How do I set-up and use Android TV?
While it’s possible to use basic Android TV features without a Google account, if you want to download additional apps or use the Google Assistant, a Google account is required. You’ll be asked to enter your Google account when you first set up your Android TV device. If you already own another Android device like a phone or tablet, you can use it to speed up the setup process. You’ll be asked to choose a Wi-Fi network (if you don’t have an Ethernet connection), and answer a few questions about locations and preferences — some of which will vary by device type. At the end of the short process, you’ll arrive at the Android TV home screen.
Android TV devices, whether they’re TVs or external set-top boxes, come with voice-capable remote controls. Once you turn the device on and the home page displays on your screen, you can navigate the interface using the remote’s directional and enter buttons. A back button lets you return to a previous screen or menu, while the home button returns you to the home screen.
The top ribbon always shows your list of installed apps, for quick access, with a link to the Google Play Store so you can go get more apps at any time.
But to get the most out of Android TV’s features, you’ll want to summon Google Assistant. Depending on your device, you might be able to call out, “Hey Google,” but you can always use the mic button on the remote. When you do, there’s no need to preface your commands with “Hey Google,” because as soon as you press the button, it’s listening for instructions.
What are some Android TV voice commands?
To a certain extent, what you can ask Android TV to do via Google Assistant will depend on which streaming services you have access to. For instance, “Play Stranger Things on Netflix,” will only work if you have a Netflix subscription; however, plenty of commands are universal, such as:
- “Play some jazz music”
- “Play,” “pause,” “stop,” and “resume” while watching any video
- “Louder,” and “softer” for volume control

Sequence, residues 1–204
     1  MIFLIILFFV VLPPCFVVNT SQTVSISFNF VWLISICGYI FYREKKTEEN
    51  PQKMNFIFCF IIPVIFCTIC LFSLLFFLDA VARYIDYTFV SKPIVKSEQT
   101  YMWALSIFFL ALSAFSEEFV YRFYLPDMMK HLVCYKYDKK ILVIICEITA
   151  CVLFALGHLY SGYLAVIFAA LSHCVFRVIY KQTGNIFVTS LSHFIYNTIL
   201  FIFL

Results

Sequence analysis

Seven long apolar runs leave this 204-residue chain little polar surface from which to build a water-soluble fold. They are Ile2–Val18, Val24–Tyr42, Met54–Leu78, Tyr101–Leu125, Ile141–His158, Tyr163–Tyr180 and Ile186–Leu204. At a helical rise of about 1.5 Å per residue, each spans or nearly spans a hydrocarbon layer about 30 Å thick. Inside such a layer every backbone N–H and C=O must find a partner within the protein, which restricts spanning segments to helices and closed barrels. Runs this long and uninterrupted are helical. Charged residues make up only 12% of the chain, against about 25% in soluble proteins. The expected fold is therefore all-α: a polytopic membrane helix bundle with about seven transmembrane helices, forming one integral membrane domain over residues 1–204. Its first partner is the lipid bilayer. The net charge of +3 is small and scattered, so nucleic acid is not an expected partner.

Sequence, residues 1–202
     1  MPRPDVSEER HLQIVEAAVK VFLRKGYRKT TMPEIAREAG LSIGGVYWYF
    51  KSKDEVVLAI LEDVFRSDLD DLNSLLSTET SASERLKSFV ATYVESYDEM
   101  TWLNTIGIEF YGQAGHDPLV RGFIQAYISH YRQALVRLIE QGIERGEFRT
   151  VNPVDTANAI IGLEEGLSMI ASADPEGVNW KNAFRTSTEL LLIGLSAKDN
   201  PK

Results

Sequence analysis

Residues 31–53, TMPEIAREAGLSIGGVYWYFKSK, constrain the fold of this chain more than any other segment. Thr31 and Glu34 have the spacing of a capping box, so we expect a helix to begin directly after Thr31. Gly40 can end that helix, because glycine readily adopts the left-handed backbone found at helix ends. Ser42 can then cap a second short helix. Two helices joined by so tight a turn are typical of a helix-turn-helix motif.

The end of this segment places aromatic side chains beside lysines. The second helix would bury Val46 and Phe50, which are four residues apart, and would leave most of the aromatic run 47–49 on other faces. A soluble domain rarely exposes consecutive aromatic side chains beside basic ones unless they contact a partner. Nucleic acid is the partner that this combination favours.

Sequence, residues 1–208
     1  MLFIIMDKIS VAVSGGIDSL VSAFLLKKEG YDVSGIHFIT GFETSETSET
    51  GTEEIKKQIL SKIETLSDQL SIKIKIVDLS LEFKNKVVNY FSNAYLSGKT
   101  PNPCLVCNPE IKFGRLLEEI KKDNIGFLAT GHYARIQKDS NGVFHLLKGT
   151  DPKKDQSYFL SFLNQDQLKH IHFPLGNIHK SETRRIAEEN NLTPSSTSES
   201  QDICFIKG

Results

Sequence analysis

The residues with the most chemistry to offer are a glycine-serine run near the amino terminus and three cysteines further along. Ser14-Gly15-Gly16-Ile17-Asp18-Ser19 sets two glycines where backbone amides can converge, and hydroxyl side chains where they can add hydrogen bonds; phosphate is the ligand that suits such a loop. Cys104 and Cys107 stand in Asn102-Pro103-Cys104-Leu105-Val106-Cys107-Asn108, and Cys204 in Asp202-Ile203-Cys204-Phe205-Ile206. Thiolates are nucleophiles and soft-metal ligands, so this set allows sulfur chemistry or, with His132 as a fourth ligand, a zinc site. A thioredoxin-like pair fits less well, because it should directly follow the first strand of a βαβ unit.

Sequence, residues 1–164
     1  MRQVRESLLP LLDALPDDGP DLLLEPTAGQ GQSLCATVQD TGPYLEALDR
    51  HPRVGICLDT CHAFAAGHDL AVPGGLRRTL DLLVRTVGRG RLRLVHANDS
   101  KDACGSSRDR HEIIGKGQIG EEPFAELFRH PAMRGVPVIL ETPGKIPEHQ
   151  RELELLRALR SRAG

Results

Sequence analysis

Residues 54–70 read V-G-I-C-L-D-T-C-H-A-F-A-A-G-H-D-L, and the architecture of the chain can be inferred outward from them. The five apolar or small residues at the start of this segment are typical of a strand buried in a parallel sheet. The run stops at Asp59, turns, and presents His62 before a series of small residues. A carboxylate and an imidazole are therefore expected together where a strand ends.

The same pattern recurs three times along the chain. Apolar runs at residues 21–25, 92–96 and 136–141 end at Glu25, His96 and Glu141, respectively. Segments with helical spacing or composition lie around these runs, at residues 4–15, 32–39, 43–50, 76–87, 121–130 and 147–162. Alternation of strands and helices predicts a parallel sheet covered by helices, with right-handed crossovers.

- “Open [app name]” to open any installed app
- “Show me the cast of Friends“
- “Tell me about Game of Thrones“
In addition, you can use any of Google Assistant’s smart home commands, which vary based on which smart home devices you have on your home network.
What are some popular Android TV apps?
Needless to say, Netflix is just about the most popular app on every streaming media platform, but there are plenty of other lesser known apps worth installing.
Kodi is a powerful media center app that can find and organize all of your personal media into an easy-to-navigate interface, with support for just about every media file type you can think of. Highly customizable, Kodi has a reputation as an app that will let you stream Hollywood movies for free, but be warned: This kind of activity on Kodi is not officially supported and is a legal gray area, to say the least. We recommend checking out our full Kodi explainer before you find yourself on the receiving end of a cease-and-desist order.
Similar to Kodi, Plex uses a client/server arrangement to let you view and play your personal media files and much more. It’s a far more powerful and enjoyable way of experiencing your movies, music, and photos than simply sticking a USB drive in the back of your set-top box or TV. We’ve got a full guide to using Plex that will help you get the most out of it, whether you use it on Android TV or the dozens of other devices it supports.